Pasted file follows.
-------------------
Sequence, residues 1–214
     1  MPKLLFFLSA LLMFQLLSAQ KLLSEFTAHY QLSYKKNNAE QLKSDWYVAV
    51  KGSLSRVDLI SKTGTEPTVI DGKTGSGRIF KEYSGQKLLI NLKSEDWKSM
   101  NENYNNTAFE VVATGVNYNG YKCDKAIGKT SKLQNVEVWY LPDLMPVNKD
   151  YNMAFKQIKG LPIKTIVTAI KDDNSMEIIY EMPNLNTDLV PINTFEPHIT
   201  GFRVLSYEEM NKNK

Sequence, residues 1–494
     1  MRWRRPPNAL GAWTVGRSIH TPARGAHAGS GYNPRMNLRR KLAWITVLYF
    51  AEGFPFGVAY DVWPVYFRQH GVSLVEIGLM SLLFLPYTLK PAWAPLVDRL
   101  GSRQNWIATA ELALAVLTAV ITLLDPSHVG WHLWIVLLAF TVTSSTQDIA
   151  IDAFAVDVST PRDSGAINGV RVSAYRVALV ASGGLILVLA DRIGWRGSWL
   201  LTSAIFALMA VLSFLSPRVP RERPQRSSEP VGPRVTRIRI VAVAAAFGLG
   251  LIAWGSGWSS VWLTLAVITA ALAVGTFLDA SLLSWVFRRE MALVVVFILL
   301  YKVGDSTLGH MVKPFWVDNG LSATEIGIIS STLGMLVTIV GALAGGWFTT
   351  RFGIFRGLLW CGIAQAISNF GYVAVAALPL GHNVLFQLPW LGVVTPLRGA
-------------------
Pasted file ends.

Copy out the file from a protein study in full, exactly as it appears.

Sequence, residues 1–214
     1  MPKLLFFLSA LLMFQLLSAQ KLLSEFTAHY QLSYKKNNAE QLKSDWYVAV
    51  KGSLSRVDLI SKTGTEPTVI DGKTGSGRIF KEYSGQKLLI NLKSEDWKSM
   101  NENYNNTAFE VVATGVNYNG YKCDKAIGKT SKLQNVEVWY LPDLMPVNKD
   151  YNMAFKQIKG LPIKTIVTAI KDDNSMEIIY EMPNLNTDLV PINTFEPHIT
   201  GFRVLSYEEM NKNK

Sequence, residues 1–494
     1  MRWRRPPNAL GAWTVGRSIH TPARGAHAGS GYNPRMNLRR KLAWITVLYF
    51  AEGFPFGVAY DVWPVYFRQH GVSLVEIGLM SLLFLPYTLK PAWAPLVDRL
   101  GSRQNWIATA ELALAVLTAV ITLLDPSHVG WHLWIVLLAF TVTSSTQDIA
   151  IDAFAVDVST PRDSGAINGV RVSAYRVALV ASGGLILVLA DRIGWRGSWL
   201  LTSAIFALMA VLSFLSPRVP RERPQRSSEP VGPRVTRIRI VAVAAAFGLG
   251  LIAWGSGWSS VWLTLAVITA ALAVGTFLDA SLLSWVFRRE MALVVVFILL
   301  YKVGDSTLGH MVKPFWVDNG LSATEIGIIS STLGMLVTIV GALAGGWFTT
   351  RFGIFRGLLW CGIAQAISNF GYVAVAALPL GHNVLFQLPW LGVVTPLRGA